2016-09-06 10:50
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AES256-GCM could be implemented in go as

However, Seal method of interface cipher.AEAD has signature:

Seal(dst, nonce, plaintext, additionalData []byte) []byte

So for very large files, one must read all file contents into memory, which is unacceptable.

A possible way is to implement Reader/Writer interfaces on Seal and Open, but shouldn't that be solved by those block cipher "modes" of AEAD? So I wonder if this is a design mistake of golang cipher lib, or I missed something important with GCM?

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但是, Seal 方法 接口 cipher.AEAD 具有签名:

  Seal(dst,nonce,明文,additionalData [] byte)[] byte 


一种可能的方法是实现 Seal Open 上的Reader / Writer 接口,但是不应该由AEAD的那些分组密码“模式”来解决 ? 所以我想知道这是否是golang密码库的设计错误,还是我错过了GCM的重要功能?

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2条回答 默认 最新

  • dougao7801 2016-09-12 16:55

    AEADs should not be used to encrypt large amounts of data in one go. The API is designed to discourage this.

    Encrypting large amounts of data in a single operation means that a) either all the data has to be held in memory or b) the API has to operate in a streaming fashion, by returning unauthenticated plaintext.

    Returning unauthenticated data is dangerous it's not hard to find people on the internet suggesting things like gpg -d your_archive.tgz.gpg | tar xzbecause the gpg command also provides a streaming interface.

    With constructions like AES-GCM it's, of course, very easy to manipulate the plaintext at will if the application doesn't authenticate it before processing. Even if the application is careful not to "release" plaintext to the UI until the authenticity has been established, a streaming design exposes more program attack surface.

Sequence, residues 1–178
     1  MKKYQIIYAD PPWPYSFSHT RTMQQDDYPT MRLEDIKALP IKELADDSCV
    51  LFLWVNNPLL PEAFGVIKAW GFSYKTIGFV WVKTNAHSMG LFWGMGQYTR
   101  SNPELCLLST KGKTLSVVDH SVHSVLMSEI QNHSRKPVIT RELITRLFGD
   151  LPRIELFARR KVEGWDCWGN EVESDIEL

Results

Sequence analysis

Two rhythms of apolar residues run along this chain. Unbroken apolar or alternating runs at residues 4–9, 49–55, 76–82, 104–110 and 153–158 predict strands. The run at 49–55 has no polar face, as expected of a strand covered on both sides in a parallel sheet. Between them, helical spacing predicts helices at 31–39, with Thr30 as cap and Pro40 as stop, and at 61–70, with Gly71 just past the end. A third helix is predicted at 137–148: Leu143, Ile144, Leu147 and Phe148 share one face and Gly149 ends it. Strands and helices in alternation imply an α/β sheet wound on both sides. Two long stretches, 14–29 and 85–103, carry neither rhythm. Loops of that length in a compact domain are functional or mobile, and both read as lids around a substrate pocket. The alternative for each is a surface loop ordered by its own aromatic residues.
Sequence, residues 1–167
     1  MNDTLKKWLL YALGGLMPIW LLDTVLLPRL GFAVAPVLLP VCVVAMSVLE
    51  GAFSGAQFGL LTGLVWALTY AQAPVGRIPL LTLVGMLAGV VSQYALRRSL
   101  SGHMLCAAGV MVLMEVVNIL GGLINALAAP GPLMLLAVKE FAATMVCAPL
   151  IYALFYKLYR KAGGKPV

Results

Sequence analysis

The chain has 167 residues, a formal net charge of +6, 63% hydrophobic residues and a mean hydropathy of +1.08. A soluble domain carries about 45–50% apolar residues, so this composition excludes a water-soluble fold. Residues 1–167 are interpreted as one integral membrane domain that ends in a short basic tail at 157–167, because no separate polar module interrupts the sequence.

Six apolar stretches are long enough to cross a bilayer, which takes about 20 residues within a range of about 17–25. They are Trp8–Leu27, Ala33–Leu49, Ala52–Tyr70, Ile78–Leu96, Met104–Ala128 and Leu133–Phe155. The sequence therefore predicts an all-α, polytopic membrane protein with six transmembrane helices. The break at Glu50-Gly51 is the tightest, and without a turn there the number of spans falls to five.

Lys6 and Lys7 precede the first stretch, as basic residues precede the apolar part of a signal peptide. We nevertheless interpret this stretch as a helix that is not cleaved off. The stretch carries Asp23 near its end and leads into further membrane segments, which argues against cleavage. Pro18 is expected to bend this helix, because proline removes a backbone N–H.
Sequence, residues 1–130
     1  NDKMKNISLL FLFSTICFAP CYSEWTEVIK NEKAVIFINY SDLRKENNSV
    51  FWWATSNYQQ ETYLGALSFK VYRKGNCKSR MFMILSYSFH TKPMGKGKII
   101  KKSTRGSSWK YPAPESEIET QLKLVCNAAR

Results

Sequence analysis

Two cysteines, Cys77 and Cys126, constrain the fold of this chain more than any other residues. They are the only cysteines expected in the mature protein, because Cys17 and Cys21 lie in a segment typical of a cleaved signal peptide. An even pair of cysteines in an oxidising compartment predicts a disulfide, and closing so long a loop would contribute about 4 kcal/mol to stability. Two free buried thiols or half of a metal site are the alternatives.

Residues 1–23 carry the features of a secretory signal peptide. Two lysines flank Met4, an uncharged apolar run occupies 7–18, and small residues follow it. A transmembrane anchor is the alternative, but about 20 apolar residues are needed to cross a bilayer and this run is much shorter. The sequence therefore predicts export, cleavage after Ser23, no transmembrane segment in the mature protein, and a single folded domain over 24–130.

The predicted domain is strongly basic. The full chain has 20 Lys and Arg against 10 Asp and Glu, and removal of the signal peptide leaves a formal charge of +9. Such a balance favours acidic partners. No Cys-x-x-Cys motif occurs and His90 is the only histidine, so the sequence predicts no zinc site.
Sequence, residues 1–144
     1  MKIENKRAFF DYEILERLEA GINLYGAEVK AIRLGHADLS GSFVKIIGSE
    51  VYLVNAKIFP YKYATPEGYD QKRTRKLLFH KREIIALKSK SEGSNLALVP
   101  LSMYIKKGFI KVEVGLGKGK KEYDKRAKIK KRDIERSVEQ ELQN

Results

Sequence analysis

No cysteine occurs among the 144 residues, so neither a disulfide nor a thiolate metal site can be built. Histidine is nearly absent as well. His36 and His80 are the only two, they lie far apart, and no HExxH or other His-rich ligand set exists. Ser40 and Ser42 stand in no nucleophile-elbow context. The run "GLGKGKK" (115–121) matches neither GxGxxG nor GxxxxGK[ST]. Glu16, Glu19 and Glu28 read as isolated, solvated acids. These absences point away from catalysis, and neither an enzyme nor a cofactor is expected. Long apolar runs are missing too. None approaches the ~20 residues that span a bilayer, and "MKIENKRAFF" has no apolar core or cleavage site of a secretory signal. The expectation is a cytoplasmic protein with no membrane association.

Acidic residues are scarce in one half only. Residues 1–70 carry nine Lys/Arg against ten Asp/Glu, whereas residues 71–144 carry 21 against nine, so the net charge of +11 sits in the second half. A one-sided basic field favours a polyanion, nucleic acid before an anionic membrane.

By normalising large ciphertexts and thus streaming APIs, the next protocol that comes along is more likely to use them without realising the issues and thus the problem persists.

    Preferably, plaintext inputs would be chunked into reasonably large parts (say 16KiB) and encrypted separately. The chunks only need to be large enough that the overhead from the additional authenticators is negligible. With such a design, large messages can be incrementally processed without having to deal with unauthenticated plaintext, and AEAD APIs can be safer. (Not to mention that larger messages can be processed since AES-GCM, for one, has a 64GiB limit for a single plaintext.)

    Some thought is needed to ensure that the chunks are in the correct order, i.e. by counting nonces, that the first chunk should be first, i.e. by starting the nonce at zero, and that the last chunk should be last, i.e. by appending an empty, terminator chunk with special additional data. But that's not hard.

    For an example, see the chunking used in miniLock.

    Even with such a design it's still the case that an attacker can cause the message to be detectably truncated. If you want to aim higher, an all-or-nothing transform can be used, although that requires two passes over the input and isn't always viable.

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  • du4010 2016-09-06 18:44

    It's not a design mistake. It's just that the API is incomplete in that regard.

    GCM is a streaming mode of operation and therefore able to handle encryption and decryption on demand without stopping the stream. It seems that you cannot reuse the same AEAD instance with the previous MAC state, so you cannot directly use this API for GCM encryption.

    You could implement your own GCM on top of crypto.NewCTR and your own implementation of GHASH.

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